Here’s the latest news from Facebook, Amazon and others, which are coming under increasing scrutiny from regulators, trade groups and politicians the world over.
Facebook Supports Data-Portability Law
Facebook has advocated for a law that would simplify the process of moving videos and pictures to a competing site. The support comes before a planned Sept. 22 Federal Trade Commission (FTC) hearing on the matter, Reuters reported.
The social media company has indicated that the Access Act, a proposed data portability law, is a first move in the right direction. Facebook first let American and Canadian users move their videos and pictures to Google Photos in April.
Data portability has turned into an important portion of the antitrust discussion domestically and in Europe.
Amazon Mulls Registering Services as Separate Entities in India
Amazon is reportedly considering registering a portion of its entities, like Amazon Music, Audible and Prime Video, in India, CNBC TV18 reported. The services are not currently registered as distinct entities, although they are provided to users in the nation.
The news comes as a new Indian equalization measure came into existence in 2020 that puts a 2 percent tax on every digital transaction that foreign online shopping firms conduct. The eCommerce retailer has reportedly registered many entities in the country in recent times.
Facebook Receives Green Light to Settle Facial-Recognition Lawsuit for $650M
Facebook received the preliminary green light by a federal court to settle a lawsuit that alleged that the social media company violated an Illinois state law by harvesting and keeping biometric information on millions of users without their permission, Reuters reported.
The social media firm purportedly contravened an Illinois state law via a “Tag Suggestions” functionality that enabled users to identify their friends from photos put on the platform in the past.
In July, Facebook had bolstered its settlement offer to $650 million in the case, up from a previous $550 million.
German Gov’t Looks Into Amazon’s Use of Its Market Position Amid Pandemic
The German government is probing Amazon for purportedly taking advantage of its market position amid the pandemic, CNBC reported.
The network said the German Federal Cartel Office is spearheading an investigation into the retailer’s relationship with third-party merchants. The case comes as Amazon blocked some merchants for purportedly raising their prices early on during the pandemic.
Many instances of third-party merchants hiking the cost of products, such as masks and hand sanitizer, reportedly took place.
RILA Joins Trade Groups in Tackling Counterfeit Merchandise
The Retail Industry Leaders Association (RILA) has teamed with other trade organizations to create The Buy Safe America Coalition to tackle counterfeit merchandise on eCommerce sites like Amazon, Reuters reported. The American Apparel & Footwear Association and the Toy Association, among other organizations, are also part of the group.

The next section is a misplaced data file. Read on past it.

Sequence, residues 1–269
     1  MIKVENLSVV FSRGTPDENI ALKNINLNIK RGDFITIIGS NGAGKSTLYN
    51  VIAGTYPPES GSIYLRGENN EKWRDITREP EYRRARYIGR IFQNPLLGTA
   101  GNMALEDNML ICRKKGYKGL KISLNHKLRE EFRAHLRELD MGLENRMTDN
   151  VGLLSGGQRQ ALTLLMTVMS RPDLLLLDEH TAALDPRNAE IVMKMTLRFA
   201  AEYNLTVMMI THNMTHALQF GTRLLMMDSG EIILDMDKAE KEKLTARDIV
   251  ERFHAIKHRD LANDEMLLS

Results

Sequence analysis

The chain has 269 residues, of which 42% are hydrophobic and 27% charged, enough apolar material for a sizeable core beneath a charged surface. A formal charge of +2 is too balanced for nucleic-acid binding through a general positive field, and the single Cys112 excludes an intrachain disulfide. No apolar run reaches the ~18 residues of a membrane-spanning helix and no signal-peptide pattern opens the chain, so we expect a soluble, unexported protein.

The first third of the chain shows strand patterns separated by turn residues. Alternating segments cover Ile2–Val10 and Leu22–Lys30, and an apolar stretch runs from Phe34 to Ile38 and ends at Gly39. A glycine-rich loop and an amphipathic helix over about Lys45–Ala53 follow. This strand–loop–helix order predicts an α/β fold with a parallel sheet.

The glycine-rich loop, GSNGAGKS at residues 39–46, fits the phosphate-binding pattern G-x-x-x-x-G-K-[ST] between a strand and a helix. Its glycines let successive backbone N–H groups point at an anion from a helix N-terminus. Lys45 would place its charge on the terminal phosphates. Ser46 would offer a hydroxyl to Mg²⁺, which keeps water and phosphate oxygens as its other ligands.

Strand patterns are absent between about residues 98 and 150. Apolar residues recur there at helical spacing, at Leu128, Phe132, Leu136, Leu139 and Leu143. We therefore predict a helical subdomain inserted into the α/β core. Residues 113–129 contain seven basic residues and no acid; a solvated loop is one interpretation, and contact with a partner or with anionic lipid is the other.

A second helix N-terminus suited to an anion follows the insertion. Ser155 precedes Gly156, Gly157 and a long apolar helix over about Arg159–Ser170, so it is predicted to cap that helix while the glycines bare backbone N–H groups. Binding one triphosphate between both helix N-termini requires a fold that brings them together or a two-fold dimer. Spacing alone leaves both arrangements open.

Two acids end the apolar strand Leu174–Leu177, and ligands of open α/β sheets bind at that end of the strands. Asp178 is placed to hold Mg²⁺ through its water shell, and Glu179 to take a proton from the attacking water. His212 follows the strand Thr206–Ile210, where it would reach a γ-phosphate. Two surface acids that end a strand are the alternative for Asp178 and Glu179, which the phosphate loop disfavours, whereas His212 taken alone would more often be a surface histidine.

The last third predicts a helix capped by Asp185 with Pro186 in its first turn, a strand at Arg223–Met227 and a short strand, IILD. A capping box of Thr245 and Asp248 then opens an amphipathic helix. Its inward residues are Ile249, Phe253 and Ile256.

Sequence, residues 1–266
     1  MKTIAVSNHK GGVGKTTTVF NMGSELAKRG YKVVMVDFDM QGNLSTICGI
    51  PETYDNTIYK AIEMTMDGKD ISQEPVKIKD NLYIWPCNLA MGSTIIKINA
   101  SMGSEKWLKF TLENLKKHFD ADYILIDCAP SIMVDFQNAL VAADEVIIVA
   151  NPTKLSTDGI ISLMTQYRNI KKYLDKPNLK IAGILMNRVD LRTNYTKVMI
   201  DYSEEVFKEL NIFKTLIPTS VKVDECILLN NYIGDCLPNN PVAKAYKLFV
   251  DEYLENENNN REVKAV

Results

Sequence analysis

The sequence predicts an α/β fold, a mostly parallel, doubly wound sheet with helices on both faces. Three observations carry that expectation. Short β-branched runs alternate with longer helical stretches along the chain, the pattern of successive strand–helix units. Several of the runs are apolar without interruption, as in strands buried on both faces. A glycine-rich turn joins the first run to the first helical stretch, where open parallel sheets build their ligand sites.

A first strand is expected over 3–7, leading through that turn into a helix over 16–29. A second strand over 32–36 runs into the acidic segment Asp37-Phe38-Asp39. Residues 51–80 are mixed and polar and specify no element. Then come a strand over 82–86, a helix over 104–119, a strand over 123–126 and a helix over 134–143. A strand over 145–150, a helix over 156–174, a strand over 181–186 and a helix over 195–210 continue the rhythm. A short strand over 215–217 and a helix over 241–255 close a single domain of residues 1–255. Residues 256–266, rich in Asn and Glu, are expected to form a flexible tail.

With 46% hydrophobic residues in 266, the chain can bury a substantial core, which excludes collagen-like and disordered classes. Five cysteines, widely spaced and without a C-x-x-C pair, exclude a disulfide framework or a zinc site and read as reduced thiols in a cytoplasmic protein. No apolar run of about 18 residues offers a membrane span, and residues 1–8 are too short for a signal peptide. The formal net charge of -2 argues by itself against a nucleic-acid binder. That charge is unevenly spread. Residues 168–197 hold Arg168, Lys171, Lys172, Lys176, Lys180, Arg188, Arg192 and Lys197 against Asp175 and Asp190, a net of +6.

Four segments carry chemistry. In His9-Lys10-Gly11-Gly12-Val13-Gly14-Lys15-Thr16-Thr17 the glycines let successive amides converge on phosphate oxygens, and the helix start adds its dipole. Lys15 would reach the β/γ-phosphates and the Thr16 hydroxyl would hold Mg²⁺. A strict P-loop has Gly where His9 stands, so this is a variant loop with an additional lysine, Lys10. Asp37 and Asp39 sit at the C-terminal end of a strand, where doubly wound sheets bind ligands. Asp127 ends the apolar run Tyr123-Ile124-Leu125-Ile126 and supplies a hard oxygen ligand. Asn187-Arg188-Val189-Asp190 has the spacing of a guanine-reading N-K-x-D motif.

The coalition will support laws that would mandate that marketplaces validate data regarding third-party sellers.
Facebook Calls Out Apple For 30 Pct Commission on In-App Purchases
Facebook is now among the firms publicly criticizing the 30 percent commission Apple charges for in-app payments, with the social media firm calling out Apple in a statement announcing that it would not receive any fees from paid digital events for the next year at a minimum.
“We asked Apple to reduce its 30 percent App Store tax or allow us to offer Facebook Pay so we could absorb all costs for businesses struggling during COVID-19,” Facebook said in a post. “Unfortunately, they dismissed both our requests and SMBs will only be paid 70 percent of their hard-earned revenue.”
Small companies will retain all of the revenue they bring in from paid digital events for transactions on the web and on Android in nations where it has rolled out Facebook Pay.
News Companies Ask for Better Terms on Apple’s App Store
Digital Content Next (DCN) CEO Jason Kint wrote a letter to Apple CEO Tim Cook to ask what conditions its members would have to satisfy to “qualify for the arrangement Amazon is receiving for its Amazon Prime Video app in the Apple App Store.”
DCN, a trade organization, serves media brands. Its members include The New York Times and National Geographic, among others.
Kint noted that Cook responded “affirmatively” in July 29 remarks before the House Judiciary Committee that the arrangement afforded to Amazon is available to “anyone meeting the conditions.”
“I ask that you clearly define the conditions that Amazon satisfied for its arrangement so that DCN’s member companies meeting those conditions can be offered the same agreement,” Kint wrote in the letter.